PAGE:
The influence of ridge geometry at the ultraslow-spreading Southwest Indian Ridge (9º-25ºE) : basalt composition sensitivity to variations in source and process
Standish, Jared J.
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Southwest Indian Ridge
KeywordCrust; Geochemistry; Knorr (Ship : 1970-) Cruise KN162; Melville (Ship) Cruise VAN-7; Agulhas (Ship) Cruise AG22
Between 9º-25º E on the ultraslow-spreading Southwest Indian Ridge lie two sharply contrasting supersegments. One 630 km long supersegment erupts N-MORB that is progressively enriched in incompatible element concentrations from east to west. The second 400 km long supersegment contains three separate volcanic centers erupting EMORB and connected by long amagmatic accretionary segments, where mantle is emplaced directly to the seafloor with only scattered N-MORB and E-MORB erupted. Rather than a major break in mantle composition at the discontinuity between the supersegments, this sharp contrast in geometry, physiography, and chemistry reflects “source” versus “process” dominated generation of basalt. Robust along-axis correlation of ridge characteristics (i.e. morphology, upwelling rate, lithospheric thickness), basalt chemistry, and crustal thickness (estimated from gravity) provides a unique opportunity to compare the influence of spreading geometry and rate on MORB generation. What had not been well established until now is the importance of melting processes rather than source at spreading rates < 20 mm/yr. Along the orthogonally spreading supersegment (14 mm/yr) moderate degrees of partial melting effectively sample the bulk mantle source, while on the obliquely spreading supersegment (7-14 mm/yr) suppression of mantle melting to low degrees means that the bulk source is not uniformly sampled, and thus “process” rather than “source” dominates melt chemistry.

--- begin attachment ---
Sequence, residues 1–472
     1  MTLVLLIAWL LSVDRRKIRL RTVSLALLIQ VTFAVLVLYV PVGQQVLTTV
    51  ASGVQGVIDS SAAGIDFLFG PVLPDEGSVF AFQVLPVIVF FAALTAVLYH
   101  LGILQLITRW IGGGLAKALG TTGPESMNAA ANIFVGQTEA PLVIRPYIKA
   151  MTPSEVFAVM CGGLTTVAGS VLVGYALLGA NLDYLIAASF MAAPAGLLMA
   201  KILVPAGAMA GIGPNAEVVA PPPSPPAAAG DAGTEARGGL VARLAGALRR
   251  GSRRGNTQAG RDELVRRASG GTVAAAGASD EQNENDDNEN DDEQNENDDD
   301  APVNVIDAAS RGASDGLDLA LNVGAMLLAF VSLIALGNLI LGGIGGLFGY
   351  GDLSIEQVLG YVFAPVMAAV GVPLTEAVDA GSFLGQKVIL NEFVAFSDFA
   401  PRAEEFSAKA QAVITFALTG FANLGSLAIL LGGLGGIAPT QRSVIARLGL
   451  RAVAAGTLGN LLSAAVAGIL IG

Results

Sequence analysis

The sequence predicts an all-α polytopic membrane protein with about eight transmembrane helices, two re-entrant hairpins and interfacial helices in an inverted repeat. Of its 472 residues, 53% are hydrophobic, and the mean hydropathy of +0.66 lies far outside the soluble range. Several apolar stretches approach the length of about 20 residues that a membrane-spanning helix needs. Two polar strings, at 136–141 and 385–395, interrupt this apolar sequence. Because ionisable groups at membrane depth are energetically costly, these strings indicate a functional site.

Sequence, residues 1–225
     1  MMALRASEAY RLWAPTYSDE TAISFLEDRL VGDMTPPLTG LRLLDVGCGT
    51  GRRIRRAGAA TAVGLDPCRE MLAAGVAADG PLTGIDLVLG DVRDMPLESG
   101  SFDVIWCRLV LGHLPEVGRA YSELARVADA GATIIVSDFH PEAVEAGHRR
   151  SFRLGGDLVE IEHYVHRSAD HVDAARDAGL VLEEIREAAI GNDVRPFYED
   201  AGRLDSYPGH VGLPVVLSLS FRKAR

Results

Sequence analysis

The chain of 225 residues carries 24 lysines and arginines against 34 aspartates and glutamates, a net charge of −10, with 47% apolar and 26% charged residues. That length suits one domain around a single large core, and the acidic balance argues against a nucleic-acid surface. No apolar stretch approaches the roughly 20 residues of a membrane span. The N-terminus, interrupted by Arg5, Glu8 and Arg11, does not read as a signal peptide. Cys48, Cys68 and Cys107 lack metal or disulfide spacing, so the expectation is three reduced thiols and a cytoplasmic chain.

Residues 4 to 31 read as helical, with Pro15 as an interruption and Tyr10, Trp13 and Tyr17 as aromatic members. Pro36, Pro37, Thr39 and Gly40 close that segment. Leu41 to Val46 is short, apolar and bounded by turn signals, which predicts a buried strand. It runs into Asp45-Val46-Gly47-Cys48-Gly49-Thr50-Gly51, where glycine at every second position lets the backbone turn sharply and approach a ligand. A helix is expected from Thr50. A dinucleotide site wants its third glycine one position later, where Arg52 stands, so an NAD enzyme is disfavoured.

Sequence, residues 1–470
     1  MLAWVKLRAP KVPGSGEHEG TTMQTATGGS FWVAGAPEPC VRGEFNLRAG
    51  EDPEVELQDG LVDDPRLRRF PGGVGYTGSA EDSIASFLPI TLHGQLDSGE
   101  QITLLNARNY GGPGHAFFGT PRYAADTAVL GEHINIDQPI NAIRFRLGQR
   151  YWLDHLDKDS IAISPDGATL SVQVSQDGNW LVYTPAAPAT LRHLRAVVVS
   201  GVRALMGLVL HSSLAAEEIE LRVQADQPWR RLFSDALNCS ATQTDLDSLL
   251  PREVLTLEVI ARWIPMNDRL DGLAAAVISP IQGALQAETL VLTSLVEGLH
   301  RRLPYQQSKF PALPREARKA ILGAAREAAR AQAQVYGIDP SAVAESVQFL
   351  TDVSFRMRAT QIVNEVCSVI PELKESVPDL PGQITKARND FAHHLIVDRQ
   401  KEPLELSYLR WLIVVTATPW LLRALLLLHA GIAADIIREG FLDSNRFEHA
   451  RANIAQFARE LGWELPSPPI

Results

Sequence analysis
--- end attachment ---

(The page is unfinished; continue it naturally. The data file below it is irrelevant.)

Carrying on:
Submitted in partial fulfillment of the requirements for the degree of Doctor of Philosophy at the Massachusetts Institute of Technology and the Woods Hole Oceanographic Institution February 2006
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